Thermoelectric Transport Theory in Organic Semiconductors
Conducting Polymer-based Organic–Inorganic Thermoelectric Nanocomposites
Thermoelectric Materials by Organic Intercalation
Flexible Organic-based Thermoelectric Devices
About this book
Thermoelectric materials have received a great deal of attention in energy-harvesting and cooling applications, primarily due to their intrinsic low cost, energy efficient and eco-friendly nature. The past decade has witnessed heretofore-unseen advances in organic-based thermoelectric materials and devices. This title summarises the significant progress that has been made in the molecular design, physical characterization, and performance optimization of organic thermoelectric materials, focusing on effective routes to minimize thermal conductivity and maximize power factor. Featuring a series of state-of-the-art strategies for enhancing the thermoelectric figure of merit (ZT) of organic thermoelectricity, and highlighting cutting-edge concepts to promote the performance of organic thermoelectricity, chapters will strengthen the exploration of new high-ZT thermoelectric materials and their potential applications. With contributions from leading worldwide authors, Organic Thermoelectric Materials will appeal to graduate students as well as academic and industrial researchers across chemistry, materials science, physics and engineering interested in the materials and their applications.
Dr. Zhiqun Lin is currently Professor of Materials Science and Engineering at the Georgia Institute of Technology. He received his PhD degree in Polymer Science and Engineering from University of Massachusetts, Amherst in 2002. He did his postdoctoral research at University of Illinois at Urbana-Champaign. His research interests include polymer-based nanocomposites, block copolymers, conjugated polymers, quantum dots (rods, tetrapods and wires), functional nanocrystals (metallic, magnetic, semiconducting, upconversion and thermoelectric) of different architectures, solar cells (perovskite solar cells and dye sensitized solar cells), batteries, hydrogen generation, thermoelectric materials and devices, hierarchically structured and assembled materials, and surface and interfacial properties. He has published more than 220 peer reviewed journal articles (with an h-index of 61), 10 book chapters, and 4 books. Currently, he serves as an Associate Editor for Journal of Materials Chemistry A, and an editorial advisory board member for Nanoscale. He is a recipient of Frank J. Padden Jr. Award in Polymer Physics from American Physical Society, an NSF Career Award, a 3 M Non-Tenured Faculty Award, and an invited participant at the National Academy of Engineering’s 2010 US Frontiers of Engineering Symposium. He became a Fellow of Royal Society of Chemistry in 2014 and a Japan Society for Promotion of Science (JSPS) Fellow in 2015.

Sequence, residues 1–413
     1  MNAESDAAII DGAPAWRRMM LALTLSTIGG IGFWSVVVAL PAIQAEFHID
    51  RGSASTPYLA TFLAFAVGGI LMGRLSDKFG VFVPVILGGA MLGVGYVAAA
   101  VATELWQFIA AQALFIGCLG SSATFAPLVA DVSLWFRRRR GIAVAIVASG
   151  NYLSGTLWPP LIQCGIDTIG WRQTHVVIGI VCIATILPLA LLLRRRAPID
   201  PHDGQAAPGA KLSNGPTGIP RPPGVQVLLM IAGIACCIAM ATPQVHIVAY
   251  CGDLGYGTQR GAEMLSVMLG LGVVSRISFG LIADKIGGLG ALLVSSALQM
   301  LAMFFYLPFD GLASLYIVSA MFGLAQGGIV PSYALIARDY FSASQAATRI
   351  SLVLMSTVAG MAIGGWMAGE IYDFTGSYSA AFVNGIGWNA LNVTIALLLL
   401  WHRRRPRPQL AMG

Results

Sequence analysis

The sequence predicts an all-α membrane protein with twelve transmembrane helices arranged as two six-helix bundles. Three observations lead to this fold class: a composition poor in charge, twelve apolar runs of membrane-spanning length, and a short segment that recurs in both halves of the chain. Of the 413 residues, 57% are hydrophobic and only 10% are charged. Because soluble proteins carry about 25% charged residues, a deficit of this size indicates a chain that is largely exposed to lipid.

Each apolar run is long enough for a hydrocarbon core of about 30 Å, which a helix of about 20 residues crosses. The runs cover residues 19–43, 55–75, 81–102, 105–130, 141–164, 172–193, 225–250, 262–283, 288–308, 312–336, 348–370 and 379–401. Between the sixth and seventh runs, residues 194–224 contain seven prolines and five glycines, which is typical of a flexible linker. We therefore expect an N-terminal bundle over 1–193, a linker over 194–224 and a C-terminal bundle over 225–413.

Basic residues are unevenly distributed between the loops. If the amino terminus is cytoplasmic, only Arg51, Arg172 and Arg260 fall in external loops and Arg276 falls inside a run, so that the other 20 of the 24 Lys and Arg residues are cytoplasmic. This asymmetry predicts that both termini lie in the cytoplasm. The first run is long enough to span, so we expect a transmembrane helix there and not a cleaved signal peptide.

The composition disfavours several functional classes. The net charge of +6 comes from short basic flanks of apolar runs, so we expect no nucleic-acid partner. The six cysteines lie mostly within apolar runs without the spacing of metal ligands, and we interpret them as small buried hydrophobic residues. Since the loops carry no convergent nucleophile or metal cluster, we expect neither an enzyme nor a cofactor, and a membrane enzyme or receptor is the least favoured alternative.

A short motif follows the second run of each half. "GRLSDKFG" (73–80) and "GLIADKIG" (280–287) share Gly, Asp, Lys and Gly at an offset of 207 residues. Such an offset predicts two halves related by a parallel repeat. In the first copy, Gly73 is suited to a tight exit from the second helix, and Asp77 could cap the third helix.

Dr. Ming He received his B.S. in Materials Science and Engineering from East China University of Science and Technology in 2005, and received his Ph.D. in Polymer Chemistry and Physics from Fudan University in 2011. He was a visiting student at Iowa State university (2009-2011). He worked as a Postdoctoral Fellow at Fudan University (2011-2013) and Georgia Institute of Technology (2013-2017). In July 2017, he became a Research Scientist at Georgia Institute of Technology. His research interests include conjugated polymers, organic-inorganic hybrid semiconductors, solar cells, and thermoelectricity.